Several mechanisms of innate immunity against microsporidia have been described in invertebrates. Microsporidia infection typically induces a strong host transcriptional response, which often includes up-regulation of a suite of different antimicrobial peptides (27). Although antimicrobial peptides are commonly up-regulated in other invertebrates, and C. elegans have many different families of these proteins, so far, only C-type lectins have been shown to be up-regulated upon N. parisii infection (28, 29). Instead, C. elegans has a recently identified stress/immune pathway called the “intracellular pathogen response” (IPR) that is induced upon infection by both microsporidia and Orsay virus (28, 30). The IPR includes up-regulation of ubiquitin adaptor proteins and is thought to be involved in clearing intracellular parasites (28, 31, 32).

In this study, we reveal robust resistance to microsporidia in the offspring of N. parisii–infected C. elegans. We show that inherited immunity markedly reduces host-cell invasion by N. parisii and also provides resistance to the bacterial pathogen P. aeruginosa. We find that immunity is conferred in a dose-dependent manner, lasts throughout development, and is maintained for a single generation. Using tissue-specific depletion or expression of negative regulators of the IPR (LIN-35 and PALS-22), we demonstrate that immunity in progeny is dependent on a parental transcriptional response and that this immunity is transferred from maternal somatic tissues to the progeny. The host transcriptional response and thus inherited immunity can be induced by both biotic and abiotic stresses that mimic the response to microsporidia. Together, these results provide insight into how inherited immune responses can be induced to protect offspring against pathogenic infection.

RESULTS

Parental infection by N. parisii confers immunity to C. elegans progeny in a dose-dependent manner

Infection of C. elegans with the natural microsporidian pathogen N. parisii delays development and affects worm fertility (23, 33). To quantify the effects of infection, we exposed early larval stage (L1) animals to varying doses of N. parisii spores. At 72 hours post-infection (hpi), animals were fixed and stained with the chitin-binding dye Direct Yellow 96 (DY96) (fig. S1, A and B). DY96 stains both microsporidia spores and worm embryos, allowing us to determine both parasite burden and host reproductive development. Worms infected with higher doses of spores exhibited greater parasite burden and a smaller body size at 72 hpi (fig. S1, C and D). Higher infection doses also correlated with a reduction in the percentage of gravid adults (animals carrying embryos) and a reduction in the number of embryos per animal (fig. S1, E and F). In agreement with these findings, infection of transgenic animals expressing a fluorescent protein in the germ line revealed germline deformities in worms exposed to high doses of spores (fig. S1G).

To determine the effects of parental infection on offspring, we infected parental (P0) generations at the L1 stage with a “very low,” “low,” or “moderate” dose of N. parisii that resulted in a ~10 to 50% reduction in the number of gravid adults (fig. S1E). At 72 hpi, infected adults were treated with a sodium hypochlorite solution to release the F1 embryos from adults and destroy microsporidia spores. As N. parisii infection is not vertically transmitted, resultant larvae are not infected with microsporidia (fig. S2) (26). F1 generations of synchronized L1s were then exposed to a high dose of spores. Imaging revealed a quantifiable reduction in the parasite burden of primed worms from infected parents, as compared to naïve worms from uninfected parents (Fig. 1, A and B). Immunity in F1 progeny was dose dependent; parents experiencing a higher infection burden gave rise to offspring that were more resistant to N. parisii. In agreement with our data for parasite burden, we saw that primed worms under infection conditions were larger and produced significantly more embryos than their naïve counterparts (Fig. 1, C to E). Together, these data reveal a robust and dose-dependent immunity phenotype in the offspring of N. parisii–infected worms.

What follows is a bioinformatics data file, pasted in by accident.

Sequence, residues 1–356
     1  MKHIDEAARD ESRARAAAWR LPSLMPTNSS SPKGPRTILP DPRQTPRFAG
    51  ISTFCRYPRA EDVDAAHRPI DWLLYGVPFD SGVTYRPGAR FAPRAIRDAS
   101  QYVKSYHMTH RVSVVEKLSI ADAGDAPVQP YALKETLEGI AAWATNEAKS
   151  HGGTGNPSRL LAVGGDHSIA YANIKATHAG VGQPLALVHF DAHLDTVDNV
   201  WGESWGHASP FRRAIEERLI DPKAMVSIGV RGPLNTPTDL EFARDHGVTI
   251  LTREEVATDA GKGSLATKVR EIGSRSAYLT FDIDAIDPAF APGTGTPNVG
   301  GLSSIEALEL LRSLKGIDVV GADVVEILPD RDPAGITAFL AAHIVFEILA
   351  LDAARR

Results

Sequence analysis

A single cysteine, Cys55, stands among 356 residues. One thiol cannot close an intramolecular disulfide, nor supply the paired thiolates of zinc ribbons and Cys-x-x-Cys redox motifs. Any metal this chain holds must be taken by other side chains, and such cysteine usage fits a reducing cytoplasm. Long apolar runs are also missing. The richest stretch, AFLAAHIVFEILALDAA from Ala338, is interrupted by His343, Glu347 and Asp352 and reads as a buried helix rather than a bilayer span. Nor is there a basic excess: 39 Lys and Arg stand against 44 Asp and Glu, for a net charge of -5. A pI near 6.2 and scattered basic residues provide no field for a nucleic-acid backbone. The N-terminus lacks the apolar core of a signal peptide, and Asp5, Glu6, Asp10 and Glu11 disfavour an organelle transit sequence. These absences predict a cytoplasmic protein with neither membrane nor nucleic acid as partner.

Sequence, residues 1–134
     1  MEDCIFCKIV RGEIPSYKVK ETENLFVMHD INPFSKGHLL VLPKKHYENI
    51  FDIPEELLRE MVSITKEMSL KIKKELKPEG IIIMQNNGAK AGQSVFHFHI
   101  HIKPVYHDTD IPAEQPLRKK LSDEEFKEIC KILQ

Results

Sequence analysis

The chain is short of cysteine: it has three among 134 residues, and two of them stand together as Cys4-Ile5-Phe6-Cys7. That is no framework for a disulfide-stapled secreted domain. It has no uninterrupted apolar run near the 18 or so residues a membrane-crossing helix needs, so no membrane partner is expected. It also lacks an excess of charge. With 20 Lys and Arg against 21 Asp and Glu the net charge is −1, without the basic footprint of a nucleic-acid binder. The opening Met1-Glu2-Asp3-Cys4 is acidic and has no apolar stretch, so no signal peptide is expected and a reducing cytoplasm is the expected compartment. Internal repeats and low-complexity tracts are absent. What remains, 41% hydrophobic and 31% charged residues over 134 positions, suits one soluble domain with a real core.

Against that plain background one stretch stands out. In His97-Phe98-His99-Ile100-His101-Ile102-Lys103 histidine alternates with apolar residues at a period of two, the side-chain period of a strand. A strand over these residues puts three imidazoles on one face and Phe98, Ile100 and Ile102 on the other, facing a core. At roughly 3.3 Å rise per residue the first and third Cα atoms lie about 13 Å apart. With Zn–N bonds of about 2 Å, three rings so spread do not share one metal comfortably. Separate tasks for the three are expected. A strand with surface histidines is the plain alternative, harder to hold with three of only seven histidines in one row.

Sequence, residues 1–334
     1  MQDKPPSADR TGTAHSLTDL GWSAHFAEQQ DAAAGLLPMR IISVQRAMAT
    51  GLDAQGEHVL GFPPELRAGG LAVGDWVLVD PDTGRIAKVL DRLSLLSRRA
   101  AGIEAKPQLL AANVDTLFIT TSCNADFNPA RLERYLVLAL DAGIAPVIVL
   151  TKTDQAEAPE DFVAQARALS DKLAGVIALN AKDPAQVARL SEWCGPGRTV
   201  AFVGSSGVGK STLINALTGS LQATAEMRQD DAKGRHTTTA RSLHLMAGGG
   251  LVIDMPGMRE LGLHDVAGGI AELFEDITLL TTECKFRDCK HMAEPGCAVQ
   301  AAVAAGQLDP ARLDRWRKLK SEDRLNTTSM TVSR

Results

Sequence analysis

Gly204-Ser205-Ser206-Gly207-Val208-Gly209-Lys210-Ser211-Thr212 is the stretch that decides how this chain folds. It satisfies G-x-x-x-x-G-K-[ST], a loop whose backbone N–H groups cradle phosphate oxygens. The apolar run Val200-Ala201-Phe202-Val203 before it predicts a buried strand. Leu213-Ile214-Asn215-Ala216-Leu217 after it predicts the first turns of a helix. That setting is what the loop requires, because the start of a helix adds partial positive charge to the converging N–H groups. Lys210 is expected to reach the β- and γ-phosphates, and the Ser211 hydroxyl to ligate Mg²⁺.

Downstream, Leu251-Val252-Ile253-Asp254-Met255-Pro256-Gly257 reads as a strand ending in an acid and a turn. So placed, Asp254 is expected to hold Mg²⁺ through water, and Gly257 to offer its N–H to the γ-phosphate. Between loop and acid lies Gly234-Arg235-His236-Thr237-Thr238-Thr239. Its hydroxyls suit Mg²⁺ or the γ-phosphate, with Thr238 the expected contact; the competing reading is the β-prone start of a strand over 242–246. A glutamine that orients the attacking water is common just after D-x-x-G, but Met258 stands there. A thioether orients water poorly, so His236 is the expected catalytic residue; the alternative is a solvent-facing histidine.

Fig. 1 Parental infection by N. parisii confers immunity to the progeny of C. elegans.

L1 stage N2 C. elegans were uninfected or exposed to varying concentrations of N. parisii spores (doses defined in Materials and Methods) for 72 hours. F1 L1 larvae were collected and infected with a high dose of N. parisii, fixed at 72 hpi, and stained with DY96. (A) Representative images of F1 populations stained with DY96, which binds to worm embryos and N. parisii spores. Scale bars, 200 μm. (B) Quantitation of DY96 fluorescent spores per worm. (C) Quantitation of worm area. (D) Percentage of worms that are gravid. (E) Number of embryos per worm. (B to E) Means ± SEM (horizontal bars) are shown. Data pooled from three independent experiments using n = 20 (B, C, and E) or n = 98 to 351 (D) worms per condition per experiment. The P values were determined by unpaired two-tailed Student’s t test. Significance with Bonferroni correction was defined as P < 0.0166. **P < 0.0033; ***P < 0.00033.